2019 Norfolk City Budget Toolkit – Public Hearing Scheduled

Budget Toolkit Puts Resources at Your Fingertips

Find links to documents, videos and other materials

NORFOLK, VA –  We want to be sure it’s easy for residents to stay informed about
the city’s Fiscal Year 2019 Proposed Budget, and that they know how to make
their voices heard.

Our Budget Toolkit includes all your city budget resources in one place. The
toolkit includes links to documents, videos and interactive budget tools as well
as a schedule of upcoming budget discussions and meetings.

Users can share their budget priorities online, anytime, using Balancing Act.  This
online workshop includes information about city departments and the services they provide, and allows users to see how changes affect the budget.

To speak about budget issues in person, residents can attend the Public Budget Hearing at 6 p.m. Wednesday, April 18 at Granby High School, 7101 Granby Street.
This is the only public hearing on the budget, and the only time residents will be
able to address council members directly during a public forum on budget items.

City Council has planned several work sessions to discuss the FY2019 Proposed Budget. City Council does not accept public comment during any of its work

During City Council’s formal meeting on May 8, residents may comment only on current agenda items and new business. The council will not accept comment on
the budget during that meeting.

The public hearing scheduled for May 10 deals only with real estate reassessments.

As always, residents may express comments or concerns directly to your City
Council member, using the contact information found here or by calling



Norfolk council agrees to buy Greenie’s, and Ocean View Diner

Last week the City Council voted unanimously  to approve the $2.35 million purchases of Greenies and another eatery, the Oceanview Diner.

The rationale: knocking them down will offer greater access to Ocean View’s public beaches and help put a new face on the area.

Fans of Greenies have raved about the back patio atmosphere and the boiled shrimp from their neighborhood bar, but others have called it a dive and an eyesore.

For more information, read the full story at the link below.


Wards Corner Farm Fresh to close its doors.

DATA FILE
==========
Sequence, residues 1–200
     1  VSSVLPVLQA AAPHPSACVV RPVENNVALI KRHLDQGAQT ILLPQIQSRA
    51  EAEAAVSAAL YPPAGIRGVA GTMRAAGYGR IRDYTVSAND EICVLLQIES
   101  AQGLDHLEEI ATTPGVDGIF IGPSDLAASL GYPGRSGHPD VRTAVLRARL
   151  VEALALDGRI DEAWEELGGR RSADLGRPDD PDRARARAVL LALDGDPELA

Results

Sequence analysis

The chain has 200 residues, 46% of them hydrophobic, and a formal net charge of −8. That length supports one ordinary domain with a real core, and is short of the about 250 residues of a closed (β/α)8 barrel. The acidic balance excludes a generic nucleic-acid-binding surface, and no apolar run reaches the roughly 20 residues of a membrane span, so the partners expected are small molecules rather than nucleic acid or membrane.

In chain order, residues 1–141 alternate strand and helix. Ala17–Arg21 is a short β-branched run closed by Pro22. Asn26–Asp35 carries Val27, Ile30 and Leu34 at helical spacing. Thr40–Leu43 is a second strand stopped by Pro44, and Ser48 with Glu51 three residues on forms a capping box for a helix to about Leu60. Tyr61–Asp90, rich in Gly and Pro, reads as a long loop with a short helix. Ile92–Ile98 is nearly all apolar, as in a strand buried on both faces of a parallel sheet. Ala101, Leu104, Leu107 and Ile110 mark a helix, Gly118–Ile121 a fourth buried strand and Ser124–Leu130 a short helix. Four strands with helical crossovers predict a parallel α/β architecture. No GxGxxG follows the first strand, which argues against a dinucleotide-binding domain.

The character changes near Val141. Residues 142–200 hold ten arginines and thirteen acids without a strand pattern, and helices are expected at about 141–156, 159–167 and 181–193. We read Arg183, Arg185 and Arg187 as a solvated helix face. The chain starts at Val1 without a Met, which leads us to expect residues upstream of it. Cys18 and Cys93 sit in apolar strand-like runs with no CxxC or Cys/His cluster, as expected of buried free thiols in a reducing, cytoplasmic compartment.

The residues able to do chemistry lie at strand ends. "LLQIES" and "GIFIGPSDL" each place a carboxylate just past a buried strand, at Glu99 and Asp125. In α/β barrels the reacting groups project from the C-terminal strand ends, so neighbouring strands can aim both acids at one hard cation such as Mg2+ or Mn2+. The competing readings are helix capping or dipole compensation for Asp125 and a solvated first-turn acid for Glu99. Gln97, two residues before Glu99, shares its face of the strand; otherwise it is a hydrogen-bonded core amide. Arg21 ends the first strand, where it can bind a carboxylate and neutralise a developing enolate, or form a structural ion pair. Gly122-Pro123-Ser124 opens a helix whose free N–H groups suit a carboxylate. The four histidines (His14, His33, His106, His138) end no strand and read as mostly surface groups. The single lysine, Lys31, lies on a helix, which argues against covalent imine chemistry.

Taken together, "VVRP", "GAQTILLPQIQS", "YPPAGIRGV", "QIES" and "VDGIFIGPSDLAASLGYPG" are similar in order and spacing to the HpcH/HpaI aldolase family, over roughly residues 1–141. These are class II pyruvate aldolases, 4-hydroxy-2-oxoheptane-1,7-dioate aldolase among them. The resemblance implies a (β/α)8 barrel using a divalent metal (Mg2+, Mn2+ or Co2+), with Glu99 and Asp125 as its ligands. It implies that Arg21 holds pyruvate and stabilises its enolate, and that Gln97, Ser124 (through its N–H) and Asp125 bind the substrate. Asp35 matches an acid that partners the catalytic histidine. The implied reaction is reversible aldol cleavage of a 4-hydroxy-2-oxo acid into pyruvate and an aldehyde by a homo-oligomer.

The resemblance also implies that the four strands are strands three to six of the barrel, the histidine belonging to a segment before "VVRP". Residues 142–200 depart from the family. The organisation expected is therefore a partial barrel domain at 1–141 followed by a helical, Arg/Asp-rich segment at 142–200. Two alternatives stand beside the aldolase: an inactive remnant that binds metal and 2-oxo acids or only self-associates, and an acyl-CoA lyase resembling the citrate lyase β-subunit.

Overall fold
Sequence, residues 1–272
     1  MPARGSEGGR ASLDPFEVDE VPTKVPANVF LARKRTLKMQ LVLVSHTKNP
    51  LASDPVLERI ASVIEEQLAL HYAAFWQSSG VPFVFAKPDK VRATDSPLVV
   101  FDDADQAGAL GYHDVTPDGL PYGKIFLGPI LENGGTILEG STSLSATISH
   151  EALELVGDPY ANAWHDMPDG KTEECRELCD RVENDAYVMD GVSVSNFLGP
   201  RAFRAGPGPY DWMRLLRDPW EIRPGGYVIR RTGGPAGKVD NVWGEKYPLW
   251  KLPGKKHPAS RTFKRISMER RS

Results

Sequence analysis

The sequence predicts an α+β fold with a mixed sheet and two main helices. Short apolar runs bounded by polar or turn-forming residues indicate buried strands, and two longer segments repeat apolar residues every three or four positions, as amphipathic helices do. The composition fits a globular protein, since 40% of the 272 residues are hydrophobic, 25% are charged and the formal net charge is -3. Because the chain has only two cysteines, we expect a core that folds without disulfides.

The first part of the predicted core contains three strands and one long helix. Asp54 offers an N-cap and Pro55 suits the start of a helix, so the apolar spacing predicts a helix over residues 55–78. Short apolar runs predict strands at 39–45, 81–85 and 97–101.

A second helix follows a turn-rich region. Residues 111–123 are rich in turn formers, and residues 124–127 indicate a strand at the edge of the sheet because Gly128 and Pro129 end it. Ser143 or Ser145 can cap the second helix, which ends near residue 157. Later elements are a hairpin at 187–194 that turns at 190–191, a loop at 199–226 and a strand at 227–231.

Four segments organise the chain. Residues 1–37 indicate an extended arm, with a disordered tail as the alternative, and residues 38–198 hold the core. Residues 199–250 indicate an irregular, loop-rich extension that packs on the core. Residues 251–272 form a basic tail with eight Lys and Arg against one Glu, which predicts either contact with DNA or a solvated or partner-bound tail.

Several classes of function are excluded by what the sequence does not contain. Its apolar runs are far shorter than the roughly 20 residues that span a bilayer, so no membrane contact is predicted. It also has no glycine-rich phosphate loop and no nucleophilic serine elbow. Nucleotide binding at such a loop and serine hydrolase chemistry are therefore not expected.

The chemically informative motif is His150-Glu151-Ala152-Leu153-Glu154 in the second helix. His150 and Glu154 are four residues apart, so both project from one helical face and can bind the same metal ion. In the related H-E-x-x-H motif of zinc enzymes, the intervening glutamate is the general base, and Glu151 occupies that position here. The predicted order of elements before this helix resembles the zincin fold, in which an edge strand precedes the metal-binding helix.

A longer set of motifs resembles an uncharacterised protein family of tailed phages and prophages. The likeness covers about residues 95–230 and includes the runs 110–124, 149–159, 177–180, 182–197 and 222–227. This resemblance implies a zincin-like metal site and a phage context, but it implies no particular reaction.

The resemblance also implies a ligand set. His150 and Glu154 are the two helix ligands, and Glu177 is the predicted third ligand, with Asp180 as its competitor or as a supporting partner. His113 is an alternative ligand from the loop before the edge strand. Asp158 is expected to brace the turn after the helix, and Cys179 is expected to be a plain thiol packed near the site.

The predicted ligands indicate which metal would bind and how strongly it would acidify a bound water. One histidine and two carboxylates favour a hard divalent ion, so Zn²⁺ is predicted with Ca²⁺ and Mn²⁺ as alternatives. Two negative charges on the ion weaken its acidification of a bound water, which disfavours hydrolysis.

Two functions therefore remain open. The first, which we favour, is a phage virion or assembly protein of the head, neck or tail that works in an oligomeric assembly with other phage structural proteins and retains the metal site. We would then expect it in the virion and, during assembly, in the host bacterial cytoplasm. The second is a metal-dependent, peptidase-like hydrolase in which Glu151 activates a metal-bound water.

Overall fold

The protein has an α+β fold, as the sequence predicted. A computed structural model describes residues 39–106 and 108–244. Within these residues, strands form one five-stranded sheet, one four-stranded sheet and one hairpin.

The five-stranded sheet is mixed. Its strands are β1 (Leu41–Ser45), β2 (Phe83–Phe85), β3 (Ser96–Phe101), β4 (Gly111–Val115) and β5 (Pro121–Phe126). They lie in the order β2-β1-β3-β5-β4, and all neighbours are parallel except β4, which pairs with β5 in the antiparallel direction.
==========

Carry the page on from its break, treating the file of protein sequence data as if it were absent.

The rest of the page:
Once the location for the Giant Open Air Market, the Wards Corner location Farm Fresh will be changing hands.  In an agreement between Farms Fresh and many other grocery store brands, our store will become a Kroger Market.  The Kroger location across the street has been slated for closure for many years, and was due to move to the former Kmart location at Norview Avenue and Military Highway.  That move was put on hold late last year when the news on Amazon purchasing Whole Foods put the entire industry in a tailspin.

For more information please refer to the links below leading you to stories published by WAVY10 and Virginian-Pilot.


WC Farm Fresh


City Data Sets Now Available Through NorfolkOpenData Portal

City to work with Sunlight Foundation to teach residents to use data to problem solve

NORFOLK, VA – Residents now have city data sets at their fingertips to improve neighborhoods, build businesses, and stay informed.

The City of Norfolk’s new open data portal, called NorfolkOpenData, offers a world of information anytime, free of charge, with easy, centralized access. City data sets including call center information, permits and city employee salaries are available with a few simple keystrokes. Find a link to the portal at Norfolk.gov.

Norfolk is also proud to announce that it will immediately begin working with residents to find concrete uses for this data. The City of Norfolk and Austin, Texas have been selected from among cities across the country to work with the Sunlight Foundation. This group will assist Norfolk in creating a pilot project for Tactical Data Engagement – a way for the city and residents to mine open data for solutions to locally pressing issues.